Camino Inglés: Exploring Pontedeume

Continued from Neda to Pontedeume

After our amazing time frolicking in the waves at Playa Magdalena, Nancy and I headed to Pontedeume, which is just across a 14th-century bridge.  My feet were a little salty and sandy from the beach so I walked those last couple of miles in my Z-Trail sandals, with my shoes strapped to my backpack.

Crossing bridge to Pontedeume

Crossing bridge to Pontedeume

Upon entering the town, we saw the sign for the municipal albergue and headed over.  Once again, there were pilgrims milling about but no hospitalero to be found. I went upstairs to the loft where the bunk beds were to see what was available.  It was hot and crowded up there.  I immediately felt claustrophobic. Meanwhile, Nancy looked at the bathrooms downstairs and said the showers were open, communal, and on the grungy side. The only photo I felt like taking at this albergue was this poster with an aerial view of Pontedeume.

The muni albergue had a nice poster of Pontedeume

The muni albergue had a nice poster of Pontedeume

We decided to try our luck again and see what other accommodations were available. We went to some albergues the guidebooks listed, but nobody answered our calls and door knocks. They must have been on siesta.

We then went to a rather large hotel right by the river called Hotel Eumesa and asked about availability.

The hotelier gave us keys to see a room. The rooms were large, clean, and had private bathrooms. For 33 euros, the rate included a continental breakfast buffet.  We could have shared a room, but we felt like having some privacy, so decided to each get our own room. When I saw the large bathtub,  I knew that I wanted to repeat the spa bath ritual that I did at the Parador in Ferrol. I made a mental note to find a grocery store that carried the sea salt. After showering and resting with my legs up the wall, I went to do some sightseeing.  I went up to the church, which was chock-full of Camino shells and St. James imagery.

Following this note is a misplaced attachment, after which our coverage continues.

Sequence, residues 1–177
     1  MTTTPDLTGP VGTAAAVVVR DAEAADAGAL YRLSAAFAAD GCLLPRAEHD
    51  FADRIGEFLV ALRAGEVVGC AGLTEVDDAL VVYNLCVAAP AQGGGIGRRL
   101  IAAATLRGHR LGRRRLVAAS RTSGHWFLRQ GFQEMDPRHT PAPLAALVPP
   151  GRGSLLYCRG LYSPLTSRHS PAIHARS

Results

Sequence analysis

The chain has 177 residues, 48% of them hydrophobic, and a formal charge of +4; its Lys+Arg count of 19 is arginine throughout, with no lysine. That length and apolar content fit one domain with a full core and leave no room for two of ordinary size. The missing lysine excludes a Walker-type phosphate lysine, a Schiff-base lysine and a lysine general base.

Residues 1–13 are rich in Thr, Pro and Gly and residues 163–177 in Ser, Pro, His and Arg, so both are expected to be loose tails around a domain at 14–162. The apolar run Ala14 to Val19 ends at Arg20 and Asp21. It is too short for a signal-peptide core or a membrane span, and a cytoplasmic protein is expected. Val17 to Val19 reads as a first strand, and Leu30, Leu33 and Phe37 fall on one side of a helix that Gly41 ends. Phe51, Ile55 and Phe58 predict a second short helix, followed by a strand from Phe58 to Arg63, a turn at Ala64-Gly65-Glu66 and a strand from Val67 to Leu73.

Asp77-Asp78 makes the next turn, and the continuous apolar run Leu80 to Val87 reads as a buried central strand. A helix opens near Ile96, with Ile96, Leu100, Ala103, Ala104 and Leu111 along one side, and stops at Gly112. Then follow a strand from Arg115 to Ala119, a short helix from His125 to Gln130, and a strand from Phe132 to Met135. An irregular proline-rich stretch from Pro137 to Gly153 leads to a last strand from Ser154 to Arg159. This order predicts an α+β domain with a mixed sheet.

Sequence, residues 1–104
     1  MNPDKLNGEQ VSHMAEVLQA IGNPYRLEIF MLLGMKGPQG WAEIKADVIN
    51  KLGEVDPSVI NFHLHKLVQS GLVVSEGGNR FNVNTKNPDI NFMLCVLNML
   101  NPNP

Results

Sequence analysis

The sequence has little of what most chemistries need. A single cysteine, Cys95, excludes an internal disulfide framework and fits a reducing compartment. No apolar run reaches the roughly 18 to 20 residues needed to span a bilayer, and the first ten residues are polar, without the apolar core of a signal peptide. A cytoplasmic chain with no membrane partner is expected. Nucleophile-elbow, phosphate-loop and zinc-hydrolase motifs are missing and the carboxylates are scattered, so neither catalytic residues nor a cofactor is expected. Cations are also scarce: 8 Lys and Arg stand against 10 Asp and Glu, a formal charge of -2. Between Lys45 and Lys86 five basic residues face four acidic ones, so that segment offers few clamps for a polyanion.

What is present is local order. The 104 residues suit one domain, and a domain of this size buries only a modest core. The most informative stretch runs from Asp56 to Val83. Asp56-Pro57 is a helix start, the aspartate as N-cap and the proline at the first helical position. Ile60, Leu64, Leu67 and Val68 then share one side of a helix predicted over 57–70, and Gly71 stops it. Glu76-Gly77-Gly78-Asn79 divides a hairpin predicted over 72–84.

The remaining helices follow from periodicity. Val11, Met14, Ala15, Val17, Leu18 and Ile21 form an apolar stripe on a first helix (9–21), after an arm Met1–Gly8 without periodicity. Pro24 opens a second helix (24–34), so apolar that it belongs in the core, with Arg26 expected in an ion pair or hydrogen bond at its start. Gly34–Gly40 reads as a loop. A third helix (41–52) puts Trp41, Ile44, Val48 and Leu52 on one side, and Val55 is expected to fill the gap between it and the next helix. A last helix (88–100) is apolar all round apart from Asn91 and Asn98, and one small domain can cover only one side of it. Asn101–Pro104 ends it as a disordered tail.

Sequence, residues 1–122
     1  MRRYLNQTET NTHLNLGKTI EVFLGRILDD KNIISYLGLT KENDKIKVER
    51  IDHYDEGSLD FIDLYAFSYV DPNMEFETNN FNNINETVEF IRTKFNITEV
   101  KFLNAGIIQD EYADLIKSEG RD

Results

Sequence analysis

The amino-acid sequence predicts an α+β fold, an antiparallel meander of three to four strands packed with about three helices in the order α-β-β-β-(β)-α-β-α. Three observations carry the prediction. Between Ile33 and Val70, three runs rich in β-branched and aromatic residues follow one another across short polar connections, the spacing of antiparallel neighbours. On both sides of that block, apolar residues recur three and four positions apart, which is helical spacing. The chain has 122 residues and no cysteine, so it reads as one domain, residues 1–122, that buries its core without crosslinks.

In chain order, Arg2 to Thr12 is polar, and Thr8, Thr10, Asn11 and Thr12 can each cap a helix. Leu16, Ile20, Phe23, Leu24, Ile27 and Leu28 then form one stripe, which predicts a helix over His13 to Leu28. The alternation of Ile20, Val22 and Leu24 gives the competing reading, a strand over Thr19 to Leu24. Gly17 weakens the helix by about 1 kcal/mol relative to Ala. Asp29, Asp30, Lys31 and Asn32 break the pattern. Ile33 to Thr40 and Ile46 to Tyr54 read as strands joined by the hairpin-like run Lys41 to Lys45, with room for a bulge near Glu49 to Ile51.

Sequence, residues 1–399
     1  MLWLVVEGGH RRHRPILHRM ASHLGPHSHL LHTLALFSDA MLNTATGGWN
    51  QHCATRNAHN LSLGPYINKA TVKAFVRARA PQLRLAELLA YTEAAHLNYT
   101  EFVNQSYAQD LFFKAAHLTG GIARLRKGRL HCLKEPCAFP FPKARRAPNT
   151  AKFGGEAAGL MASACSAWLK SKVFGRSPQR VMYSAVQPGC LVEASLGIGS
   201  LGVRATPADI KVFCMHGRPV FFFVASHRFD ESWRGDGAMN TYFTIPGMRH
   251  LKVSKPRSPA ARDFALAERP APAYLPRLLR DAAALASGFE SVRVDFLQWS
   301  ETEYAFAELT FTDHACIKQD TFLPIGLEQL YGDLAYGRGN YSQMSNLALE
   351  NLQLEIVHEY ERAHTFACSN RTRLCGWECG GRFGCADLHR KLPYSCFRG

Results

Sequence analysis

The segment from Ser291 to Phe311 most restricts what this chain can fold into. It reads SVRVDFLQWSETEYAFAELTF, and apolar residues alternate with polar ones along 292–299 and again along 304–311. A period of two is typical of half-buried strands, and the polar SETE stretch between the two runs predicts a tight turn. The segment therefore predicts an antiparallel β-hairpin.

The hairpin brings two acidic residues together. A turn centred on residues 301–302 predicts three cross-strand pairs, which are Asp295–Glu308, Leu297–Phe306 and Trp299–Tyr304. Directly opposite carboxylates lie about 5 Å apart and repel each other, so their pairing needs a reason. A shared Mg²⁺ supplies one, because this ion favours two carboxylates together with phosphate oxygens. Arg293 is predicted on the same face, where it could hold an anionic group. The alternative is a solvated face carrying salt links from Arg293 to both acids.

Walking through town on cobblestones.

 

Later, I felt like having some Albarino wine and pulpo (grilled octopus), a Galician specialty,  and found a bar that serves it, with seats outside.

I saw Nancy and invited her over. She had an Estrella beer, and they gave her a generous portion of pasta as a free tapa. They gave us lots of bread, which I used to sop up the paprika and sea salt-flavored olive oil that the pulpo was grilled in. I never eat this much bread, except on the Camino where I can burn it off walking!

As envisioned, I found a little grocery store to buy snacks for the next day (banana, yogurt, peach) and some sea salt for my bath.

It was only 90 cents for 2 kilos, so I ended up having an incredible muscle-soothing soak, which felt amazing after a long day of walking. Needless to say, I slept like a baby!

The next morning

View from my room

The room at Hotel Eumesa had a view of the river and had enough space to do yoga in the morning, which is something I try to do every day at home. I appreciated having the free breakfast, but the coffee was the watered-down stuff served from big urns.  When coffee is that crappy, one is better off drinking English Breakfast tea to get the necessary jolt of caffeine before walking.  Instead of getting grouchy about it, I knew that the Camino would provide a place along the way where I could get a fresh café con leche.  Nonetheless, the hotel breakfast buffet provided basic fuel for a long day of hiking with boiled eggs, hard rolls, pastries, yogurt, juice, fruit, sliced cheeses and meat.  At breakfast, I met a nice elderly pilgrim couple from Ireland who were having their bags transported to the next town.  Just like the previous day, Nancy left before me, and we both knew that I’d see her along the way. I shot a quick video from the room before I headed out that shows a new way to carry my umbrella,  long-sleeve gloves, and my daily ritual of pulling a Camino card.

Off we go!

Up next, Pontedeume to Betanzos.


All of my stages will be added to this page: Camino Inglés 2017.  There are more photos of my Camino Inglés on a Facebook album and Instagram.

One thought on “Camino Inglés: Exploring Pontedeume

  1. Pingback: Camino Inglés 2017 Stages | The Camino Provides

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